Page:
Doncaster-based DFS Furniture is awaiting a ruling from a precedent-setting European court case over Customs & Excise’s interpretation of VAT rules on tax-free credit used by many DFS customers.
The case involves liquidated furnishing company Primback which first took Customs to court in 1993 to claim back Pounds 6m worth of VAT paid on its loans.
The House of Lords handed the case to the European Court of Justice two years ago after Customs disputed a 1996 Court of Appeal finding that the price paid for goods sold on interest-free credit was in fact payment for credit.
Lord Kirkham, the DFS executive chairman, has said there is ‘little chance’ it would be able to keep the money, and will be forced to pay the outstanding tax.
He has, however, indicated that there is a small chance the company could keep about Pounds 15m of the VAT money, as the earlier stages of the dispute might be ruled out of time.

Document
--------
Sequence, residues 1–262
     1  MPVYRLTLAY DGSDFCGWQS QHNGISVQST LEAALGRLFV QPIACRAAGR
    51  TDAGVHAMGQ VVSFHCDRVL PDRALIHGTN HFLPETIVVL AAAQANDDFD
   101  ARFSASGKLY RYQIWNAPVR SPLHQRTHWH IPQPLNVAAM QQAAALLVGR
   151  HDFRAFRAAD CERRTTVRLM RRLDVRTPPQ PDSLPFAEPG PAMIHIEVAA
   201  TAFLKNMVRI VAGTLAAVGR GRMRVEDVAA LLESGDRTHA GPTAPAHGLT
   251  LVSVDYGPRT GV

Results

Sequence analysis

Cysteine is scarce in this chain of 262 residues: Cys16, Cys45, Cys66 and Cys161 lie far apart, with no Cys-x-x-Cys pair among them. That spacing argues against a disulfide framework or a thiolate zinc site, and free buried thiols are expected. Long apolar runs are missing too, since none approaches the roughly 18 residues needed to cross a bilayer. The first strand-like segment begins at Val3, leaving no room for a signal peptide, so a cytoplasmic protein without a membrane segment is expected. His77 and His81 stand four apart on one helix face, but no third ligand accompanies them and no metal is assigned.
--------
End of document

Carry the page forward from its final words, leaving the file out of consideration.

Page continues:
Kirkham’s comments came as DFS posted strong interim results for the second half of 2000. DFS reported record profit before tax of Pounds 24.4m on sales of Pounds 192.6m.
Lord Kirkham said he was confident the strength of DFS would be reflected in another year of profitable growth.
Taxman lines up early exit from doomed Concentrix tax credits deal, as HMRC faces intense scrutiny from MPs
Crowe Clark Whitehill , the top 20 accountancy firm, has announced the promotion of Chris Mould to partner
The latest opinions from Accountancy Age on Making Tax Digital, and outline plans to evolve the UK's corporate governance regime
Five million taxpayers are ow using digital personal tax accounts (PTA) as part of the making tax digital strategy, HMRC said